Pros: The songs from the under-rated "Erotica" and "Bedtime Stories" albums are great.
Cons: The material from "Ray of Light" and "Music" is mostly sub-standard.
The 90s were certainly an interesting decade for Madonna. After four mega-hit albums that catapulted her to the top of the worlds charts, it was inevitable that she could only commercially decline. Grouping her hits from 1992's Erotica through to 2000's Music, Greatest Hits: Volume Two displays Madonnas artistic growth (or lack thereof) as she went from sex queen to cowgirl.
As one of the approximately five people who liked Erotica, Im happy to see its two biggest hits at the start of this collection. That album saw Madonna giving a tongue-in-cheek appraisal of contemporary sexuality, backed up with icy, emotionless and bass-heavy club jams. The title track is the perfect summation of this, its crackling intro and ominous baseline giving way to a chilly spoken delivery. Madonna is perfect in her role as an S&M queen, and the breathy hook of Erotic, erotic, put your hands all over my body is rather memorable. I find it quite amusing that a woman who produced her own porn book couldnt bring herself to utter the f word (instead heavily implying it with the songs rhyme scheme), but the track is still a compelling number exploring the darker recesses of lust.
The discs opener Deeper and Deeper is much more commercial and listener-friendly, with its house beat, catchy melody and perfectly camp flamenco guitar solo. The dizzy flamboyance of the groove is perfect for the songs discussion of a young man coming to terms with his sexuality, and the track ranks up as another Madonna dance floor classic.
After the weak commercial reaction to Erotica, Madonna retreated into a more conformist RnB format for her 1994 release, Bedtime Stories. Despite losing her guts and spark at this point in her career, the songs are still quite good. Human Nature has a droning synth line as Madonna retorts her hypocritical Erotica critics, and I agree completely with her. The song is unfortunately edited to remove its great Im not your b*tch, dont hang your sh*t on me line, but the bite is still there and Madonnas anger is tangible. Secret is another highlight, its delicious hook-stuffed Mmm-hmm, my babys got a secret chorus riding atop a heavy beat and tasty acoustic guitar sample. Madonnas biggest US No. 1 Take A Bow is also present and correct, a lovely Canto-pop-style ballad with a gorgeous melody and nice metaphorical lyrics regarding the demise of a relationship. Bedtime Story rounds off the chilled contributions with an undulating electronic groove, with Bjork-penned lyrics that advise the listener to discard language for unconsciousness.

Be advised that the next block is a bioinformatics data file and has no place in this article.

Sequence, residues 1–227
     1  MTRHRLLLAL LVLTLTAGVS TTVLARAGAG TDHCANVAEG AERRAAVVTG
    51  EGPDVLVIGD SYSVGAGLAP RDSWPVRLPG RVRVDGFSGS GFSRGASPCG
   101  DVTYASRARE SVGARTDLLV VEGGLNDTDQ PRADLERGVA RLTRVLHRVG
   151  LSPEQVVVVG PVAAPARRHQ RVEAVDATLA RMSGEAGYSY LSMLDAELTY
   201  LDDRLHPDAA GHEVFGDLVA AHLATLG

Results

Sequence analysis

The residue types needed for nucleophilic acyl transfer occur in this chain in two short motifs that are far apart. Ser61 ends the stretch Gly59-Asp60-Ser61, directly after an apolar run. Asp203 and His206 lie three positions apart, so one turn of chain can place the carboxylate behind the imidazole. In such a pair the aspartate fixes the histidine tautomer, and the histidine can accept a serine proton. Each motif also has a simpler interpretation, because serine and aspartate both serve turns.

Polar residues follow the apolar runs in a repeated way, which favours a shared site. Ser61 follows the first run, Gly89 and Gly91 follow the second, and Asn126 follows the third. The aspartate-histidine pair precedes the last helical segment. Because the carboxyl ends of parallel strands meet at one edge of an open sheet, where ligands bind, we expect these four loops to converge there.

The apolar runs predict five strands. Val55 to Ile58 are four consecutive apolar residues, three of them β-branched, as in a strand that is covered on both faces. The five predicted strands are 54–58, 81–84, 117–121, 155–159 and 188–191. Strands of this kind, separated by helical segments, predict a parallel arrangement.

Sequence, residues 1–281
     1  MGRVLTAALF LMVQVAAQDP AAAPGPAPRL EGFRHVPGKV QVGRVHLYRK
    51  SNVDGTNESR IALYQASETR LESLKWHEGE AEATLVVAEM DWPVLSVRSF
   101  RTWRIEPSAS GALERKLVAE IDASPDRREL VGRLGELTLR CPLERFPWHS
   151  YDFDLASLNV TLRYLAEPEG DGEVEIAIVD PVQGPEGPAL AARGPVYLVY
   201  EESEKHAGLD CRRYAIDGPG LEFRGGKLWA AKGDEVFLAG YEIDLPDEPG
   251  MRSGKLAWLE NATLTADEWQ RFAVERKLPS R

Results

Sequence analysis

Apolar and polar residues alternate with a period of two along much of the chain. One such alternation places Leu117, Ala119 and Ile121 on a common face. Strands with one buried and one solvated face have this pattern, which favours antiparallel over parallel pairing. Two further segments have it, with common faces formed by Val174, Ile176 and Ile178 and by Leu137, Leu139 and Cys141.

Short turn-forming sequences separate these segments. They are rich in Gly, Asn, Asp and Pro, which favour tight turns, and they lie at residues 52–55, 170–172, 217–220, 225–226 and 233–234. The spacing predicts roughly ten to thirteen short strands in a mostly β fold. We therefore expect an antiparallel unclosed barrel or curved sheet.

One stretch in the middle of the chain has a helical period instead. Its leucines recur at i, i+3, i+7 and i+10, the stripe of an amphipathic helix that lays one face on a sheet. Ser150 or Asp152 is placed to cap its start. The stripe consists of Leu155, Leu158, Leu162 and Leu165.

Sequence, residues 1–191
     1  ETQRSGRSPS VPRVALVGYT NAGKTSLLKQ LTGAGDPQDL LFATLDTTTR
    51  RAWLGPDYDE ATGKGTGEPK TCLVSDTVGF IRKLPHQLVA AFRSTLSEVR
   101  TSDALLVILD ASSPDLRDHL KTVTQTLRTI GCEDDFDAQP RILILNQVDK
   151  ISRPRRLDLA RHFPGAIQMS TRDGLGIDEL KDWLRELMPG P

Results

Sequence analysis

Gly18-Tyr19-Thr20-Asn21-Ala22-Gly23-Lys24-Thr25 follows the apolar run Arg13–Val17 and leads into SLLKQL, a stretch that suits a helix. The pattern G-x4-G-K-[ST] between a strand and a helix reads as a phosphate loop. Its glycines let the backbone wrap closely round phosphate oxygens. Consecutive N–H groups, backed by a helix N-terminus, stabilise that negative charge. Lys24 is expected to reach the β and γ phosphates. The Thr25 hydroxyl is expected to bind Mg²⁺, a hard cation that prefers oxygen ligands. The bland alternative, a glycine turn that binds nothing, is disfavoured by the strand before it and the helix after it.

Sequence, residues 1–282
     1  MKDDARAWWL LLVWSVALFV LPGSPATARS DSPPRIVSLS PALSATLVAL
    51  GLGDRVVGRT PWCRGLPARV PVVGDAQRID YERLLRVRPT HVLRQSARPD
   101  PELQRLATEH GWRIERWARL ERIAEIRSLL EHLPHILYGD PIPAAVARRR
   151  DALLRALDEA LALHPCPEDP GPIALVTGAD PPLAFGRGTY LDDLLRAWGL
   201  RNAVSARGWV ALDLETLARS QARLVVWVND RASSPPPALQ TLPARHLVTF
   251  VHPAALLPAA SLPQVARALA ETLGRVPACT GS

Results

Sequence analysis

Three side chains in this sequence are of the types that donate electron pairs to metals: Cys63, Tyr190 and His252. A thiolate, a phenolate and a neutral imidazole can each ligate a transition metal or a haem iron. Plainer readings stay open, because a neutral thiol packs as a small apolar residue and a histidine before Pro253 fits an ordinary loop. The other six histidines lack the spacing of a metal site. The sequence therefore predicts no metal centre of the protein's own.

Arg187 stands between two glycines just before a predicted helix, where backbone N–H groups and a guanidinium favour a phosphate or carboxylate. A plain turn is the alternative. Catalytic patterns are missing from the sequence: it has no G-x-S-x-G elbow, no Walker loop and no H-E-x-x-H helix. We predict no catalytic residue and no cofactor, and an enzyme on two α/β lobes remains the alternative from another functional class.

With 1998's Ray of Light, Madonna sadly became a shell of her former self. Trading in her personality, sexuality (and musical hooks) for generic spiritual droning, she bagged her biggest success in almost a decade. Theres something to be said about critics who derided quasi-masculine albums like Madonna and Erotica yet leapt to praise Madonna when she revealed that all she wanted was to be a wife and mother, but Ill file that away for later discussion. In all fairness, the hits from the album werent too bad, but Madonna sings for technicality rather than intuitive feeling, and William Orbits production relies on cheap techno gimmicks far too often. The driving turbulence of the song Ray of Light makes it a truly refreshing listen, but neither of the ballads (Frozen; The Power of Good-Bye) have anything new to say, and the whiny Drowned World/Substitute For Love hints at the Im rich and famous and it sucks complaining that would mark Madonnas ultimate nadir, 2003's American Life.